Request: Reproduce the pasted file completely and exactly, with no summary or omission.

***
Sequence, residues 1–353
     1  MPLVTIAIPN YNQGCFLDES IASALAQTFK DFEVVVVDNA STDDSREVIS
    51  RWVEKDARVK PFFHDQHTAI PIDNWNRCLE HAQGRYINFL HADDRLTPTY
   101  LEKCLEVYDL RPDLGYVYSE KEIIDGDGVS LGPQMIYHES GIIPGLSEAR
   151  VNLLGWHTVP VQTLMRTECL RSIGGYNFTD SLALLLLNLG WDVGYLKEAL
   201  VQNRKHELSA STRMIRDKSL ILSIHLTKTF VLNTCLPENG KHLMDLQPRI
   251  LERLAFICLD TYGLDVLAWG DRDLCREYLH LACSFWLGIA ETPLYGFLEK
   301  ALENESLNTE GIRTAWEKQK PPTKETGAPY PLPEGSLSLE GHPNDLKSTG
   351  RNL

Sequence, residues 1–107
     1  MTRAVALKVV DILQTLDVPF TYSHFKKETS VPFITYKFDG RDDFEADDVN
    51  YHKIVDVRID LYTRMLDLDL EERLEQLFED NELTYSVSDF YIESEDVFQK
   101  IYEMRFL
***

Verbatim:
Sequence, residues 1–353
     1  MPLVTIAIPN YNQGCFLDES IASALAQTFK DFEVVVVDNA STDDSREVIS
    51  RWVEKDARVK PFFHDQHTAI PIDNWNRCLE HAQGRYINFL HADDRLTPTY
   101  LEKCLEVYDL RPDLGYVYSE KEIIDGDGVS LGPQMIYHES GIIPGLSEAR
   151  VNLLGWHTVP VQTLMRTECL RSIGGYNFTD SLALLLLNLG WDVGYLKEAL
   201  VQNRKHELSA STRMIRDKSL ILSIHLTKTF VLNTCLPENG KHLMDLQPRI
   251  LERLAFICLD TYGLDVLAWG DRDLCREYLH LACSFWLGIA ETPLYGFLEK
   301  ALENESLNTE GIRTAWEKQK PPTKETGAPY PLPEGSLSLE GHPNDLKSTG
   351  RNL

Sequence, residues 1–107
     1  MTRAVALKVV DILQTLDVPF TYSHFKKETS VPFITYKFDG RDDFEADDVN
    51  YHKIVDVRID LYTRMLDLDL EERLEQLFED NELTYSVSDF YIESEDVFQK
   101  IYEMRFL